If you promote any foreign religions, gods or messiahs, lies about Israel, anti-Semitism, or advocate violence (except against terrorists), your permission to comment may be revoked.

No Responses to “The Art Of Gratitude”

Comments are closed.

SocialTwist Tell-a-Friend

Current Top Story
Israel's Deputy Ambassador to the United Nations David Roet, at a UNSC meeting held July 22, 2014 regarding the Palestinian Arab-Israeli conflict.
Israel Attempts to Insert Reason into UN Debate About Middle East
Latest Judaism Stories
Noah and his Family; mixed media collage by Nathan Hilu. Courtesy Hebrew Union College Museum

Myth #1: It is easy to be a B’nai Noach. It is extraordinarily hard to be a B’nai Noach.

God-and the world

The creation of the world is described twice. Each description serves a unique purpose.

Questions-Answers-logo

Question: I recently loaned money to a friend who has been able to repay only part of it. This was an interest-free loan. We exchanged a signed IOU, not a proper shtar with witnesses, since I have always trusted her integrity and only wanted a document that confirms what was loaned and what was repaid. Now that shemittah is approaching, what should I do? Should I forgive the loan? And if my friend is not able to repay it, may I deduct the unpaid money from my ma’aser requirement?

Name Withheld

Lessons-in-Emunah-new

To the surprise of our protectzia-invested acquaintances, my family has thrived in our daled amos without that amenity, b’ezras Hashem.

Shimon started adjusting the branches on the roof. In doing so, a branch fell off the other side of the car and hit the side-view mirror, cracking it.

I, the one who is housed inside this body, am completely and utterly spiritual.

Should we sit in the sukkah on a day that may be the eighth day when we are not commanded to sit in the sukkah at all?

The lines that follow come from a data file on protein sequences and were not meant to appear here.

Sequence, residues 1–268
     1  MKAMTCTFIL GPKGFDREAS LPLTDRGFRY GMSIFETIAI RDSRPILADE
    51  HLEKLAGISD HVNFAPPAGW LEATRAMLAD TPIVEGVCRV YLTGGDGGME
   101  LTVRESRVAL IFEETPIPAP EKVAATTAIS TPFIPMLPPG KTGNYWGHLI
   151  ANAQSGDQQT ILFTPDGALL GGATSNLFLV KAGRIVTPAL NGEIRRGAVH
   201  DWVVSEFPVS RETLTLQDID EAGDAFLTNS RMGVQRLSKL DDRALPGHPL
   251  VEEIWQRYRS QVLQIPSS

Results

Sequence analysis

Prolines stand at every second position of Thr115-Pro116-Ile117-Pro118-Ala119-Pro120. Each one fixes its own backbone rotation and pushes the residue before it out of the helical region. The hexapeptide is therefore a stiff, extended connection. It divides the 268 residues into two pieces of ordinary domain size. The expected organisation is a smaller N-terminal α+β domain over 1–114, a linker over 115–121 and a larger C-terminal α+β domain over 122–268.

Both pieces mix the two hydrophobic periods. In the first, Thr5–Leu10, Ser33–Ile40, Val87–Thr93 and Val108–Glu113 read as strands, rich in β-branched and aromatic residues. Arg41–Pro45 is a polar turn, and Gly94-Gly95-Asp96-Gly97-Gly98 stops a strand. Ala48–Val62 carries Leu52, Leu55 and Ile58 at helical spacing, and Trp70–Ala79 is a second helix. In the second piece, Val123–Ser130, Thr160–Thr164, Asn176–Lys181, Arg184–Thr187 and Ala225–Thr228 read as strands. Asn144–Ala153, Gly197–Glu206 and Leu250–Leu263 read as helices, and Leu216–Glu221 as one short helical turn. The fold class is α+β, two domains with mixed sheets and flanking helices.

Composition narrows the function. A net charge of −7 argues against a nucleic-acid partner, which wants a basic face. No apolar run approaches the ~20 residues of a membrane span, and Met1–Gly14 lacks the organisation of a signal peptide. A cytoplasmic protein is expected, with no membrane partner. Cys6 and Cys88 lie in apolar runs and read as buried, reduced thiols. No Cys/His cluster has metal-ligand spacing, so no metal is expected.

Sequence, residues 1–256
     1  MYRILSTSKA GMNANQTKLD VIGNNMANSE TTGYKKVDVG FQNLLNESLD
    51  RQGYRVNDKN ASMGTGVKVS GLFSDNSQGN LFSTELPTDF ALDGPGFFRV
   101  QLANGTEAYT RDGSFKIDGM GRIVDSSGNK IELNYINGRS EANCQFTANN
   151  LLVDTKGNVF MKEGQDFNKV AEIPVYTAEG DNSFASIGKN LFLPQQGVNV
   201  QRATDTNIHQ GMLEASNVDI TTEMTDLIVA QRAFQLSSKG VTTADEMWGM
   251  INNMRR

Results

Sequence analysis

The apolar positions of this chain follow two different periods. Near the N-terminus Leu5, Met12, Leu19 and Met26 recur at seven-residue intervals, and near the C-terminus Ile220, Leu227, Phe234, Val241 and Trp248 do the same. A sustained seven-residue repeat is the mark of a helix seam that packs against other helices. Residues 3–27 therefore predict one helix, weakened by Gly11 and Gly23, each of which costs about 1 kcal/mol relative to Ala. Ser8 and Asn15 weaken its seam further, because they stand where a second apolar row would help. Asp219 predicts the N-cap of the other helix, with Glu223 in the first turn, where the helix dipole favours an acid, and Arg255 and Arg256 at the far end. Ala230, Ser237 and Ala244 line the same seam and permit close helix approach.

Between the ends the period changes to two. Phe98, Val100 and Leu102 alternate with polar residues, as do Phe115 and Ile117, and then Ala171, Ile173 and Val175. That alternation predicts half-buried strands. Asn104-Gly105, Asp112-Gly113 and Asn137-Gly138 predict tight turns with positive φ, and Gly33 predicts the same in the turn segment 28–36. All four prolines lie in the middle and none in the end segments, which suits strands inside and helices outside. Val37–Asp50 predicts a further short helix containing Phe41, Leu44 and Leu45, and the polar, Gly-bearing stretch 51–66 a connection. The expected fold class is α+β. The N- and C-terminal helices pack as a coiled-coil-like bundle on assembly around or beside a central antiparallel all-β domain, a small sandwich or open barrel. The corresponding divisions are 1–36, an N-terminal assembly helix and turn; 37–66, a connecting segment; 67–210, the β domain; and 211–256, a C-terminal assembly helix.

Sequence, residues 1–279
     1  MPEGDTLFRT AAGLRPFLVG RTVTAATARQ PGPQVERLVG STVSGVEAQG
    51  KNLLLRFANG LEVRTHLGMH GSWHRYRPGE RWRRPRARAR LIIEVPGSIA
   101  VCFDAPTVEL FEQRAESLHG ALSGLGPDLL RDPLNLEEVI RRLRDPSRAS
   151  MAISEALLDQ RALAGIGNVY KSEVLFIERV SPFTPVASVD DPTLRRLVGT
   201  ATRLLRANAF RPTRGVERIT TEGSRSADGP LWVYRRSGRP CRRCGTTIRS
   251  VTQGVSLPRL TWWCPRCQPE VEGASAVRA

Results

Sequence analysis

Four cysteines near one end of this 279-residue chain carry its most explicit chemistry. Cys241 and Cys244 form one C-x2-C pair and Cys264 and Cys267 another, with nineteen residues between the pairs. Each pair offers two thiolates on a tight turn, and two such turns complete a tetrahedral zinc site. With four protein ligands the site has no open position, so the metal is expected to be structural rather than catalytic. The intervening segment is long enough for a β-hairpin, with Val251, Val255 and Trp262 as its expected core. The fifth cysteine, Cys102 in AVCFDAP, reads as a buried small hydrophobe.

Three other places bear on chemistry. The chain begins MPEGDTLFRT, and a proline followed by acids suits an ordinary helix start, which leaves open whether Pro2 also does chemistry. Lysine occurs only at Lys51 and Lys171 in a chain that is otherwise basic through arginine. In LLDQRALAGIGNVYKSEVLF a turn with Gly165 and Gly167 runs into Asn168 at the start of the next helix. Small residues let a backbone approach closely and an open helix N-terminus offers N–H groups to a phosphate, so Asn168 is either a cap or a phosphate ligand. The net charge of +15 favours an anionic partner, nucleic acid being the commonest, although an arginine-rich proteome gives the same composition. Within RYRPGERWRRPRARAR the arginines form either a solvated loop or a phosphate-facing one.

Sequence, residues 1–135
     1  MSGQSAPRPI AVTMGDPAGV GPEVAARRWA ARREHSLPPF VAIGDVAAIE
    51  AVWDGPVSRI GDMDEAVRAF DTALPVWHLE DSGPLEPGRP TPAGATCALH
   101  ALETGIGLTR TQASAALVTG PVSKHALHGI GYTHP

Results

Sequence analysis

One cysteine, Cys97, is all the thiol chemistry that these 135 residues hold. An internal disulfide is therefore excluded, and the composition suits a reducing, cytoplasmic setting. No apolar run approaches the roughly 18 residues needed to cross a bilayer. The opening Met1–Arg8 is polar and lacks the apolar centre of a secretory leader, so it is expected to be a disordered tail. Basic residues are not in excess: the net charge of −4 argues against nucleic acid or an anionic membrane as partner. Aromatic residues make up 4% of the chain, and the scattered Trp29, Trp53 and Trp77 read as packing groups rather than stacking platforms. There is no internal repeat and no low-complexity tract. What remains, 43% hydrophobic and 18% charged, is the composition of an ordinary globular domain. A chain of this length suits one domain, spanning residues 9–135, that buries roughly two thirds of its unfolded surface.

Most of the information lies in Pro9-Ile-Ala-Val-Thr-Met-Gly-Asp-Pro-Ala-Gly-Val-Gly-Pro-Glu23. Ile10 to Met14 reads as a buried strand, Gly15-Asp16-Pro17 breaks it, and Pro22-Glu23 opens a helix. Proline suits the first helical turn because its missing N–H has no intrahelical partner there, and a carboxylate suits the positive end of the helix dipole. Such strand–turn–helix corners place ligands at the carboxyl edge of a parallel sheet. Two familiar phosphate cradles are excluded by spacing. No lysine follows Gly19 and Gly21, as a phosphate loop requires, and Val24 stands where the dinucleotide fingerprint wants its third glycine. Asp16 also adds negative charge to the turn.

For Appearance’s Sake
‘Shammai Did Not Follow Their Own Ruling’
(Yevamos 13b 14a)

If one hurts another human being, God is hurt; if one brings joy to another, God is more joyous.

I’m grateful to Hashem for everything; Just the same, I’d love a joyous Yom Tov without aggravation.

Bereshit: Life includes hard choices that challenge our decisions, leaving lingering complications.

Rabbi Fohrman:” Great evils are often wrought by those who are blithely unaware of the power they wield.”

The emphasis on choice, freedom and responsibility is a most distinctive features of Jewish thought.

The Torah emphasizes the joy of Sukkot, for after a season of labor, we celebrate our prosperity.

The encounter with the timeless stability of the divine occurs within the Sukkot.

More Articles from Jewish Press Staff
RCA Logo

The Rabbinical Council of America said that since the arrest last week of Rabbi Barry Freundel of Washington, DC, it has been working assiduously to address the many challenges that its members and their communities now face.

Rare silver coin from period of Bar Kochba showing some of the  four species.

The exhibition includes the largest gold medallion with Judaic symbols known in existence.

The soft-glove approach to campus anti-Zionists is more like a pat on the back.

PM Netanyahu has sent out his Rosh HaShana greeting to Jews around the world.

Turkey is not going to be signing any deals for Israeli natural gas exports any time soon, says Turkish Energy Minister Taner Yildiz.

Netanyahu said that since the Jordanians opposed the bridge, “Of course we agreed.” Of course.

The Israeli navy is about to receive its fourth submarine and the first of three nuclear-capable subs purchased from Germany.

Israeli searchers for missing Lakewood, New Jersey yeshiva student Aaron Sofer have found some of his personal belongs near a trail, his last known location, but fears are growing that the 23-year-old youth has been kidnapped and/or murdered. Police and a dog unit have tracked the Jerusalem Forest area where he was last seen on […]

Printed from: http://www.jewishpress.com/judaism/torah/the-art-of-gratitude/2011/11/12/

Scan this QR code to visit this page online: